Collaboration can be key in songwriting at all stages of a creator’s career - whether you’re getting your creative juices flowing by jamming with a friend in your basement when you’ve just started making music, or you’re hand-picked by an A-List pop star to join a writing camp for their new album - collaborative songwriting can be an incredibly productive way to create music.
But when you collaborate, you must have conversations - sometimes tricky ones - about how you share the songwriting credit for the songs you write together. These conversations, though they can be uncomfortable, are crucial to ensure everyone is fairly compensated for their contributions.
Who is a co-writer?
A co-writer is an individual (whether a producer, band member, vocalist, instrumentalist, or songwriter) who contributes to the process of writing a song. Different contributors will participate in one or the other - or both - the recording and composition (songwriting/publishing) for a given song, but here we are going to focus on just the composition.
What are split sheets?
A split sheet is a shared document that states the ownership that each songwriter has in a copyrighted work. This ownership is determined by an agreement between the writers, often based on how much each writer contributed to the overall songwriting. For example, the person who writes the lyrics for the entire song will likely receive a larger share than someone who contributed part of a bridge.
The split sheet, outlining the exact percentage owned by each songwriter, is agreed to and signed by all parties, and it should be created for every song before it is used commercially in any way - whether that’s a release through a distribution platform or a third-party license. We always like to say, get the split sheet signed before you leave the studio to avoid headaches later on.
The splits for every song must add up to 100 percent in order for the writers’ publishers to administer their shares. A split sheet can serve as written evidence of copyright ownership should a co-writer face any conflicting claims later on. As long as all parties sign the document, it is considered a legally binding agreement.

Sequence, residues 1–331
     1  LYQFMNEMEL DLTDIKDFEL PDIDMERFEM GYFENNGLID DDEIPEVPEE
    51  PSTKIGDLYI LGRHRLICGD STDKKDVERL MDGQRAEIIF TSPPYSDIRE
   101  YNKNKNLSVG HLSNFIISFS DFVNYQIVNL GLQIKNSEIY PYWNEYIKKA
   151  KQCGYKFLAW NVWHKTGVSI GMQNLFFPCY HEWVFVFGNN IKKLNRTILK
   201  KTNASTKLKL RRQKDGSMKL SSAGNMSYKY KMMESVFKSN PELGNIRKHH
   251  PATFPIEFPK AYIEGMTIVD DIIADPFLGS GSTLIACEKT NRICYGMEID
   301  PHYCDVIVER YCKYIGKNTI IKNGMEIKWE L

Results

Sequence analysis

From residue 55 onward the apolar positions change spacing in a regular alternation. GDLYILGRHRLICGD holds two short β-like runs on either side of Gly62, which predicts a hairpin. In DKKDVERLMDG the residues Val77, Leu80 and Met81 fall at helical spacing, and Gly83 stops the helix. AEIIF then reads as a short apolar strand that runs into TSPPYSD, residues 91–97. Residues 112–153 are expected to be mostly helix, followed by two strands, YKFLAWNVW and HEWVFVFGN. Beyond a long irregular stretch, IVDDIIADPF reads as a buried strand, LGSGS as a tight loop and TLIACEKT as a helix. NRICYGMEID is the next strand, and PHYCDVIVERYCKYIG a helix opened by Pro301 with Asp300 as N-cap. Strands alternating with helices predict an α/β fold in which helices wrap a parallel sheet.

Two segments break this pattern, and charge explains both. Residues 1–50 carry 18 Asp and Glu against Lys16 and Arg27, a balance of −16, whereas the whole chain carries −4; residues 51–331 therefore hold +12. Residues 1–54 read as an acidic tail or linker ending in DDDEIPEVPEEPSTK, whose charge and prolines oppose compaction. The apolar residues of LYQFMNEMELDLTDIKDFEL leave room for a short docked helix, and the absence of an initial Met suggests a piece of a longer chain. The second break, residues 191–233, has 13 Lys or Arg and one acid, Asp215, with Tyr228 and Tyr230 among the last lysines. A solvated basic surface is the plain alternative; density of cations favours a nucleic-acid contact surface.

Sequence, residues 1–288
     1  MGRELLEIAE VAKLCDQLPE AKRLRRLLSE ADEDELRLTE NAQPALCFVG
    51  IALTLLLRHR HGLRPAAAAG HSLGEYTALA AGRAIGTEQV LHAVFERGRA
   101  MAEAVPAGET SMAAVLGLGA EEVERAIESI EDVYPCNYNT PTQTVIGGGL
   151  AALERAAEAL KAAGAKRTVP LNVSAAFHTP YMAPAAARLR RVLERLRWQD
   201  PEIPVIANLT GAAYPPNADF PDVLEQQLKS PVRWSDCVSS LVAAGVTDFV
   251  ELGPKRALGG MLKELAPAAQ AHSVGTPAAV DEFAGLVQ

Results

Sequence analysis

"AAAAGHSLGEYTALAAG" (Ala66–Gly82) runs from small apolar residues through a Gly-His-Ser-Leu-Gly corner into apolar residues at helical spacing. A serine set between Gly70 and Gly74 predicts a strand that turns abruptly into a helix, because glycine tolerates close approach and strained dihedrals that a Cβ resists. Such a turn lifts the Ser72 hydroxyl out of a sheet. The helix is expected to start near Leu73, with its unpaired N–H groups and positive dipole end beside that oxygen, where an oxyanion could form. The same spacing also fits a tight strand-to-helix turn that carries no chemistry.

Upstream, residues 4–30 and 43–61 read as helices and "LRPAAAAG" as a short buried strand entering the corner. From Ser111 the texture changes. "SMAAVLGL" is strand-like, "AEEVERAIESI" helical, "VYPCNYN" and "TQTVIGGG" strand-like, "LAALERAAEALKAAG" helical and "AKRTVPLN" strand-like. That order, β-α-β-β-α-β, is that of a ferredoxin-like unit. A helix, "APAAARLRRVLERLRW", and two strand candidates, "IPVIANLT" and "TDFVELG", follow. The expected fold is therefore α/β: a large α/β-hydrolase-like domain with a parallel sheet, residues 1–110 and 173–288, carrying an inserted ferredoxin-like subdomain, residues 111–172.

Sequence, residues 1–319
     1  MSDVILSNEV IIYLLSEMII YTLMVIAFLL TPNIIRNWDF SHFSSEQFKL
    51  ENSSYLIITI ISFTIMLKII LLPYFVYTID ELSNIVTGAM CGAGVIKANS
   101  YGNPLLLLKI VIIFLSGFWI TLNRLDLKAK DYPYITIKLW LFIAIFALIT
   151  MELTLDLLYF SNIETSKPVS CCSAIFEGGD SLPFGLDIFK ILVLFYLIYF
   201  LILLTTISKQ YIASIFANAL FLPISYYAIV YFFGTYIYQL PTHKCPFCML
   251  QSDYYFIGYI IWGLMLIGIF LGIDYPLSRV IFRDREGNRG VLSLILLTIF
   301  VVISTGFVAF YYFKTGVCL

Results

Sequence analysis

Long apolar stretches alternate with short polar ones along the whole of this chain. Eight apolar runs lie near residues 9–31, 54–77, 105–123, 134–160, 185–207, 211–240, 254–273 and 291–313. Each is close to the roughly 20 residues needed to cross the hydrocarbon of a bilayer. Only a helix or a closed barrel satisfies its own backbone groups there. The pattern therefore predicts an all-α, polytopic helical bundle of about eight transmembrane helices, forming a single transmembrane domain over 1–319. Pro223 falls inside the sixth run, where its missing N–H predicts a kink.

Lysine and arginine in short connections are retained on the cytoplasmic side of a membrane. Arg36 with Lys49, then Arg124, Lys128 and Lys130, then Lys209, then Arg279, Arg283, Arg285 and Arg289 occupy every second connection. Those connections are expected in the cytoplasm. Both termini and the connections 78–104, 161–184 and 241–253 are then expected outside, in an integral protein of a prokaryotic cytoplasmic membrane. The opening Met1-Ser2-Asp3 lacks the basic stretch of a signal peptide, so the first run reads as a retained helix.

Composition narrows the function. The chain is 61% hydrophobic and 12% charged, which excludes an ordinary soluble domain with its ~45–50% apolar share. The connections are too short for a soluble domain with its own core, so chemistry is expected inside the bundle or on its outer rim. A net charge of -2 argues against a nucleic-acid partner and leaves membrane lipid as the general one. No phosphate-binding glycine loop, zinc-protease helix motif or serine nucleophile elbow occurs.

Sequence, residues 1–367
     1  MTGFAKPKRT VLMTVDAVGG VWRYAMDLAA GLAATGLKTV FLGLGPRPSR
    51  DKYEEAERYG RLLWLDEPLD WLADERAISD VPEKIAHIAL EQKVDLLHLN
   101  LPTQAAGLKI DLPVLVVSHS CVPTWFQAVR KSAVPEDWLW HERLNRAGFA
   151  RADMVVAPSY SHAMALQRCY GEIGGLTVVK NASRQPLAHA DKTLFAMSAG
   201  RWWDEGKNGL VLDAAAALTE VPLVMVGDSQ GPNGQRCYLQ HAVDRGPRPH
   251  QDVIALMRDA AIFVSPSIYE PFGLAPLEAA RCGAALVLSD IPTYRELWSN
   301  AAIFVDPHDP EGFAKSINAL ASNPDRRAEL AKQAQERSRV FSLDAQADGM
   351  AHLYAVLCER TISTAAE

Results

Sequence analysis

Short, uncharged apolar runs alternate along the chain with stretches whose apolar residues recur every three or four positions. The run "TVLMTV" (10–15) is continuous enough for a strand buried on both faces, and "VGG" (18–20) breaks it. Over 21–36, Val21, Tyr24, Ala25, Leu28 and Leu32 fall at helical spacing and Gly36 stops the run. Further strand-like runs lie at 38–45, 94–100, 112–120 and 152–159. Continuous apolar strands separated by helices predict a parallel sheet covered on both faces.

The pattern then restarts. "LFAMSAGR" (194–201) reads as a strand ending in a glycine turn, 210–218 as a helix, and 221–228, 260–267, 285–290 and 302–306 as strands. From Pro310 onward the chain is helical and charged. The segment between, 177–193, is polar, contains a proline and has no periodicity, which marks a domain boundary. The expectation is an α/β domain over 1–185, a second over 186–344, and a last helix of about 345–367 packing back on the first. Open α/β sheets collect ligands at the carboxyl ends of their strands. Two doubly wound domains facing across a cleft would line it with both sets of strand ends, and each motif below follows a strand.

Real World Co-Writing Examples
Each co-writing experience is different - and naturally some will be better than others. We reached out to a few Ghanaian music writers and asked them to share their co-songwriting experiences, and whether they use split sheets. Here’s what we found:
Have your co-writing experiences been more positive or negative?
Singer, songwriter, and vocal coach Quayba has had positive and “a few bad experiences.”
How were you introduced to split sheets? Do you use these in co-writing sessions?
Boss was introduced to split sheets in 2017 by Ghanaian producers Kuvie and Kofi ‘iambeatmenace’ Boachie-Ansah. Boss did not use split sheets in some early co-writing sessions, though, because a lot of “collaborations happened through friendly familiarity, and as such the line between friend and colleague was sometimes blurred.” The norm was “there was no importance (for some) placed on making sure that all artists were credited/compensated.” Boss adds: “Now I ask that terms are set even prior to the sessions beginning because it allows for clear understanding for all artists/producers involved.”
Boachie-Ansah was introduced to split sheets “fairly early – some 15 years ago or more,” when he chanced upon the concept during his reading about songwriting and the music business. He brings up the “conversation of ownership and or part-ownership” whenever he makes contributions to creating intellectual property of any kind, to protect his rights.